Insights into the trails we leave in the digital world
Book review: Big Data In Practice by Bernard Marr
‘Big Data In Practice’ by Bernard Marr: €35.99
Big Data in practice
Everything we do in the digital world leaves a trail, information that corporations find invaluable in determining our habits. Assessing information quickly or increasingly, in real time, can have profound effects on the success of a business as it aligns its products or service offerings to meet the requirements and preferences of consumers.
Data is growing at an exponential rate. According to the author of this insightful book, by 2020 it is predicted that about 1.7 megabytes of new information will be created every second, for every human being on the planet. This includes not only data from the tens of millions of messages we send via email, text and social media but also from the one trillion digital photos we take each year.
On top of that, consider the amount of data we have from all of the sensors that surround us. Many smartphones now have sensors to tell us where we are (GPS) how fast we are moving (accelerometers) what the weather is like (barometers) and even what force we are using to press the touch screen (touch sensors).
Turning this information into insight is big business and Marr explores how advances in technology have facilitated this. In the past, there were practical limits to the amount of data that could be processed on one site. The more data there was, the slower the system became. Now, so-called distributed computing means huge amounts of data can be stored and analysed between different servers, each performing a small part of the analysis.
Google a pioneer
Google was a pioneer of this technology. About 1,000 computers, we are told, are involved in a single search query which takes an average of 0.2 seconds to complete. We currently search 3.5 billion times a year on Google alone.
Distributed computing tools such as Hadloop manage the storage and analysis of Big Data across connected databases and servers and is available to rent via the software-as-a-service model, bringing powerful analytics into the hands of businesses on modest budgets.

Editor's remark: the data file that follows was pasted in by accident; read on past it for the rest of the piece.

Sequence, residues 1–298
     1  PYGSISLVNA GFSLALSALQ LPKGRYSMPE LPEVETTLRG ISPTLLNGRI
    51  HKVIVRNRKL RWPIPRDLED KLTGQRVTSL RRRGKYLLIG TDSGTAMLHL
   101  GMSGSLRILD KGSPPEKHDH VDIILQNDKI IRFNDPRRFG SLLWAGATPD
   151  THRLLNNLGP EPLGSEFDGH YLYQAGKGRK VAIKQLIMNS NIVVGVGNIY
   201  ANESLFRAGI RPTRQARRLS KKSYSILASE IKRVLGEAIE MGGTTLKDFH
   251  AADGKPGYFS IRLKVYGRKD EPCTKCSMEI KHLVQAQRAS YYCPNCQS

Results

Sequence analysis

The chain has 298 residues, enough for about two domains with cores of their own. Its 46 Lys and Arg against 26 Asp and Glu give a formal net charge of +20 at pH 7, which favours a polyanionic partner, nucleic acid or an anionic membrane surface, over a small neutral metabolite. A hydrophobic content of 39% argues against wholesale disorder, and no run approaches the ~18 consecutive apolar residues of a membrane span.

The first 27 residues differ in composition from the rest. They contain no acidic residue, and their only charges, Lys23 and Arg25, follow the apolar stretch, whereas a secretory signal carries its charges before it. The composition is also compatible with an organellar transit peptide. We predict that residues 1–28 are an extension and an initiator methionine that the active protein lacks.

Algorithms are growing more powerful too. They can now understand spoken words and translate them into written text for content, meaning and sentiment.
This is the context Marr presents for the main body of his book, which contains 45 case studies of how companies are using analytics to drive results. The studies range from retailers like Walmart and Amazon, to manufacturers such as Rolls Royce and GE, to public services such as Transport for London. Almost all of the studies are of either US or UK corporations.
We learn about Walmart’s Social Genome Project, which monitors public social media conversations to attempt predictions of what people will buy. An initiative called Shopycat predicts how people’s shopping habits are influenced by their friends, also using social media data.
Walmart’s so-called Data Café in Arkansas monitors 200 streams of internal and external data in real time. Timely analysis means the retailer can respond rapidly to emerging trends. An unexpected drop in sales of one particular line, for example, quickly highlighted a pricing error that might otherwise have gone undetected for some time. The corporation claims the Data Café has led to a reduction in the time it takes to identify a problem and propose a solution from more than two weeks to just 20 minutes.
Accommodation website Airbnb uses a machine-learning platform called Aerosolve, which incorporates dynamic pricing tips that mimic hotel and airline pricing models. The platform analyses images from the host’s photos. Listings with cosy bedrooms are more successful than those with stylish living rooms and the platform automatically divides cities into micro-neighbourhoods.
The insights gained from the feedback allows Airbnb to ensure it concentrates efforts on signing up landlords in popular destinations at peak times and structure pricing so the use of its global client properties is optimised.
Among the other interesting case studies, we learn how the introduction of the Oyster smartcard ticketing system in London has enabled a huge amount of data to be collected about precise journeys that are being taken. Transport for London now has a clearer picture than ever of how people are moving around the city, right down to individual journeys. This creates insights about load profiles, planned interchanges and potential retail offerings at stations.